In the fourth chapter of Difference and Repetition, Deleuze offers his account of the development of the larval subject, the genesis of which unfolds like an embryo: always at the verge of dissolution, as the ongoing mutation of the quasi-formed in the sea of intensities (in A Thousand Plateaus, where these conceptual packages return with a mighty force, Deleuze writes that “[t]he organ changes when it crosses a threshold, when it changes gradient” – ATP, 153)). The passage in question:
The system is populated by subjects, both larval subjects and passive selves: passive selves because they are indistinguishable from the contemplation of couplings and and resonances; larval subjects because they are the supports or patients of the dynamisms. In effect, pure spatio-temporal, with its necessary participation in the forced movement, can be experienced only at the borders of the livable, under the conditions beyond which it would entail the death of any well-constituted subject endowed with independence and activity. Embryology already displays the truth that there are systematic vital movements, torsions and drifts, that only the embryo can sustain: an adult would be torn apart by them. There are movements by which only one can be a patient, but the patient in turn can only be a larva. Evolution does not take place in the open air, and only the involuted evolves. A nightmare is perhaps a psychic dynamism that could be sustained neither awake nor even in dreams, but only in profound sleep, in a dreamless sleep. In this sense, it is not even clear that thought, insofar as it constitutes the dynamism peculiar to philosophical systems, may be related to a substantial, completed, and well-constituted subject, such as the Cartesian Cogito: thought is, rather, one of those terrible movements which can only be sustained only under the conditions of a larval subject. (D&R, 114-115)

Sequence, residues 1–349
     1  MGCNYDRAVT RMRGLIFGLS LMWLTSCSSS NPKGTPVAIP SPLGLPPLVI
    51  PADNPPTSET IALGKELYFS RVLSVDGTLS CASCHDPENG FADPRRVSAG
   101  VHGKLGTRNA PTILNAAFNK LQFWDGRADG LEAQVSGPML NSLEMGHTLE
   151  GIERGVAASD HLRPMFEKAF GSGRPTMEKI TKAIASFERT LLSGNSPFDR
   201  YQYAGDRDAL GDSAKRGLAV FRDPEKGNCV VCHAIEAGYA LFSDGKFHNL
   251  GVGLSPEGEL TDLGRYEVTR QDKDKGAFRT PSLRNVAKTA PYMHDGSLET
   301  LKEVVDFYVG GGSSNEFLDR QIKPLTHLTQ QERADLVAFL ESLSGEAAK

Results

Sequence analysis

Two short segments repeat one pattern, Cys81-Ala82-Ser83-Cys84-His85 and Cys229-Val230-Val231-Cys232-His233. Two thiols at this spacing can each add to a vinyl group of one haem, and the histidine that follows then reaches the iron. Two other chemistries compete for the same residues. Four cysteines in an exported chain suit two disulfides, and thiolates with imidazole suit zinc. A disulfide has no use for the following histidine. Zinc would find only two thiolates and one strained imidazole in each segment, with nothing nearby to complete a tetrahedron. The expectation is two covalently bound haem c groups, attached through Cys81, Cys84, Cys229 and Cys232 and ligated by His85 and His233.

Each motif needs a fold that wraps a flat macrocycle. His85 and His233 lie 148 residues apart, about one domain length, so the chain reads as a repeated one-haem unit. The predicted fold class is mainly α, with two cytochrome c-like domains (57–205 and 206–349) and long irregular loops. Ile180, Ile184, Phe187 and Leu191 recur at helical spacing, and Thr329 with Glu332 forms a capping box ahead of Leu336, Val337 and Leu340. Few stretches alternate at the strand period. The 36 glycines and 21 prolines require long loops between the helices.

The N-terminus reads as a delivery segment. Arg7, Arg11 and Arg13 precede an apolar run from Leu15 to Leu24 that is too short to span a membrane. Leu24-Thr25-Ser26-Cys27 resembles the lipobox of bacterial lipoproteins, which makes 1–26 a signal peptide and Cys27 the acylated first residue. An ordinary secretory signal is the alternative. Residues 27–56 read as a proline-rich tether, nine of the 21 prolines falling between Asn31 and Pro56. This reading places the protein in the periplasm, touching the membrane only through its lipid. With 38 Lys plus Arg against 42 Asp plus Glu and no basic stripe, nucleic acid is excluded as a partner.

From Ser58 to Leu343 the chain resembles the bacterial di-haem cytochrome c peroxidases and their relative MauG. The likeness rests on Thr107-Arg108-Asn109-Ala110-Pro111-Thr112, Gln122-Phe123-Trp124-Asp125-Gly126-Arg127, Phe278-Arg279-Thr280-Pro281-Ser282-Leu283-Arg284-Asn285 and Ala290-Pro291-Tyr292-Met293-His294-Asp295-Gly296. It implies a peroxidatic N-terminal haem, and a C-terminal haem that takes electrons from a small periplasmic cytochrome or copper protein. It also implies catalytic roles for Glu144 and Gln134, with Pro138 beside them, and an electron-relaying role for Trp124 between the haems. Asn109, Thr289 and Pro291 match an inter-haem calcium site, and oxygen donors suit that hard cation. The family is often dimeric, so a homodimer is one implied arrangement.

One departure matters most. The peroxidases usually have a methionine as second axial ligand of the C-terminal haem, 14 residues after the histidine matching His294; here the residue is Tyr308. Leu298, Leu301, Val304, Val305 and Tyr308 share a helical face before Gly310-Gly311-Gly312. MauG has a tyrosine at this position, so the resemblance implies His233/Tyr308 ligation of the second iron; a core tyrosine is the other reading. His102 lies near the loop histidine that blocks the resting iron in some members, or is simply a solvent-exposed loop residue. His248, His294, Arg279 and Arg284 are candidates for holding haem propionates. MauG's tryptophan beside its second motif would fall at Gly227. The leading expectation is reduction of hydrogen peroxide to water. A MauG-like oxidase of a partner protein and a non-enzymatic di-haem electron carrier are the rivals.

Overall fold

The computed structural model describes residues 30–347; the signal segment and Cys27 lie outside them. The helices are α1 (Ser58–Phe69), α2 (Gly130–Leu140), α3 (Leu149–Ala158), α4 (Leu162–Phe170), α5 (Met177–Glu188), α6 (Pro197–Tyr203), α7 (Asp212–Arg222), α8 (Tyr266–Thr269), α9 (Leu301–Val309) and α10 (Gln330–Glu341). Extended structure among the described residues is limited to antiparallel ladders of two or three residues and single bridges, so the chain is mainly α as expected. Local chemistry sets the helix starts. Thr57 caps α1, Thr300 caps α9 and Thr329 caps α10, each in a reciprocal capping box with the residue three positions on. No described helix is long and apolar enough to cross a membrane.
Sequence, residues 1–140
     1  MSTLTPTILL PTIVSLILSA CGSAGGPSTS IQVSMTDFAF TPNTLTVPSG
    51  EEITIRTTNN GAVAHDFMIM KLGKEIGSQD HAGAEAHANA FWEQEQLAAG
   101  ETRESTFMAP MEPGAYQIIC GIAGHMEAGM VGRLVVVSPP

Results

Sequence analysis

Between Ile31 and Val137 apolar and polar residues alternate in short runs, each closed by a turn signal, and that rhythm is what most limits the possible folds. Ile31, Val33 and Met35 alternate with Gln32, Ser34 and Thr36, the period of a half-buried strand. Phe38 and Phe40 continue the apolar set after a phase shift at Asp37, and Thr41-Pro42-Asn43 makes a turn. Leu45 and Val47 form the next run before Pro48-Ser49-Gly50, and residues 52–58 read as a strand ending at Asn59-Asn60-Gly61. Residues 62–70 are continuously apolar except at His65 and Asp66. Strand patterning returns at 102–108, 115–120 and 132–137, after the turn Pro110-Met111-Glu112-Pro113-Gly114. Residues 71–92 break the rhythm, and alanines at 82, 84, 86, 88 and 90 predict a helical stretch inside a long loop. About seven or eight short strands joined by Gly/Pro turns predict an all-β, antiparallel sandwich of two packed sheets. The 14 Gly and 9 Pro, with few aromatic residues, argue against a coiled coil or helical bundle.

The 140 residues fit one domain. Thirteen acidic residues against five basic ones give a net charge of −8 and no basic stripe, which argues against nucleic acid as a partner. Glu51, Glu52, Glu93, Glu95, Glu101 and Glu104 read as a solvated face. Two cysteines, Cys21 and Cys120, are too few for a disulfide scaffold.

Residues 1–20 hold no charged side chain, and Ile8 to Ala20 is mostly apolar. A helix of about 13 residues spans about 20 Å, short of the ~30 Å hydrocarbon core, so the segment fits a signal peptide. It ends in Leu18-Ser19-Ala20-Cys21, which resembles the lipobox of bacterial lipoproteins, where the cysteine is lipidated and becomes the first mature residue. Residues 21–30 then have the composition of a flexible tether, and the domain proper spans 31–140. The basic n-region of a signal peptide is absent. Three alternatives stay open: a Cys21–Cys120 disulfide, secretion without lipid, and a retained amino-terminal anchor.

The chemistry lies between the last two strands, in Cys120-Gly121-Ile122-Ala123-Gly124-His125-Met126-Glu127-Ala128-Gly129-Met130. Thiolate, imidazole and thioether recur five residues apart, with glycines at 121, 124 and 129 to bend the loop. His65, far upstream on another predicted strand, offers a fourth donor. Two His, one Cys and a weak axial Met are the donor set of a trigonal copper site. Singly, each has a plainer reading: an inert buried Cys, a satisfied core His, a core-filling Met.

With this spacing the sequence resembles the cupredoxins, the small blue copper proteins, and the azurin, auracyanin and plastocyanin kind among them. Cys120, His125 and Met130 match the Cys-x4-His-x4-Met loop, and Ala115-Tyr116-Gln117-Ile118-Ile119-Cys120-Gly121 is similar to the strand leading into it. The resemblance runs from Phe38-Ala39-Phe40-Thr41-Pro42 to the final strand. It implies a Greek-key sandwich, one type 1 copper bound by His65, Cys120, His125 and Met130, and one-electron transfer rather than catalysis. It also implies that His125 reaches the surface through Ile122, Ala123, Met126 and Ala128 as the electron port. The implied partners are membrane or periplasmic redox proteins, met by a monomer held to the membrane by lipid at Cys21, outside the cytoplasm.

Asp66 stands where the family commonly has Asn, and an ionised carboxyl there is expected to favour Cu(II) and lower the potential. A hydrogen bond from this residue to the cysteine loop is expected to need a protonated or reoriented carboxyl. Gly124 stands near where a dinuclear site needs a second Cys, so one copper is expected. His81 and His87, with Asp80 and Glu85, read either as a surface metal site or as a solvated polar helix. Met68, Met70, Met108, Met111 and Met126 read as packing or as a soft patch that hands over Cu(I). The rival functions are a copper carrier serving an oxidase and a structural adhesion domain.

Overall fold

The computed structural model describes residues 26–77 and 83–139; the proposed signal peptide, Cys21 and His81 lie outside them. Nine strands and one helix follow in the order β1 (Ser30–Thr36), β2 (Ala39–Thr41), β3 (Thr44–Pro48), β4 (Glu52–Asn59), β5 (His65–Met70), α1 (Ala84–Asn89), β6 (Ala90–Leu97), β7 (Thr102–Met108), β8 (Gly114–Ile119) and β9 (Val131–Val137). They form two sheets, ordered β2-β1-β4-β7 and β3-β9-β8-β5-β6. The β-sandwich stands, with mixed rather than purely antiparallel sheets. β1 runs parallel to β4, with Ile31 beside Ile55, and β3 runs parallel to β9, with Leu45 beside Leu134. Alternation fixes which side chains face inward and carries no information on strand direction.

This likening of the experience of the subject to that of the development embryo, and then from the embryo to the nightmare, is an incredibly provocative constellation to be grappled with. It also forms a bridge between this work and Anti-Oedipus, where the notion of the nightmare returns again in relation to development, only this time it is long-range historical development, and the nightmare is the nightmare of flows. This injects into the framework the question of desire, which is always connected to that destabilizing forces that are capable of ‘tearing apart’ the “well-constituted subject”. Development, therefore, is situated between, on the one hand, the desire for dissolution or disequilibria, while on the other the blockage or “warding-off” of the free movement of flows.
… capitalism has haunted all forms of society, but it haunts them as their terrifying nightmare, it is the dread they feel of a flow that would elude their codes. (AO, 140)
Are we to believe that a universal Oedipus haunts all societies, but exactly as capitalism haunts them, that is to say, as the nightmare and the anxious foreboding of what might result from the decoding of flows and the collective disinvestment of organs, the becoming-abstract of the flows of desire, and the becoming-private of the organs? (AO, 144)
… the greatest danger would be yet another dispersion, a scission such that all the possibilities of coding would be suppressed: decoded flows, flowing on a blind, mute, deterritoriahzed socius—such is the nightmare that the primitive social machine exorcises with all its forces, and all its segmentary articulations. (AO, 154)
How can this nightmare be imagined: the invasion of the socius by noncoded flows that move like lava? An irrepressible wave of shit, as in the Fourbe myth; or the intense germinal influx, the this-side-of incest, as in the Yourougou myth, which introduces disorder into the world by acting as the representative of desire. (AO, 170)
… exchange is known, well known in the primitive socius—but as that which must be exorcised, encasted, severely restricted, so that no corresponding value can develop as an exchange value that would introduce the nightmare of a commodity economy. (AO, 186)
… Oedipus haunts all societies, but as the nightmare of something that has still not happened to them—its hour has not come. (AO, 217)
The movement of deterritorialization can never be grasped in itself, one can only grasp its indices in relation to the territorial representations. Take the example of dreams: yes, dreams are Oedipal, and this comes as no surprise, since dreams are a perverse reterritorialization in relation to the deterritorialization of sleep and nightmares. (AO, 316)
There’s a common critique of D&G, a dusty one that is cranked out regularity from the grim grad school carousal, that their project fails due to their inability to distinguish their visions of thought, individuation, and the unconscious – a vision that emerges from Difference and Repetition – from the functions of capitalism itself. What this critique fails to recognize that this is not something buried in the text capable of serving as a “gotcha!” – this is precisely what is brought to the surface by D&G, the very problematic that they wish to unveil.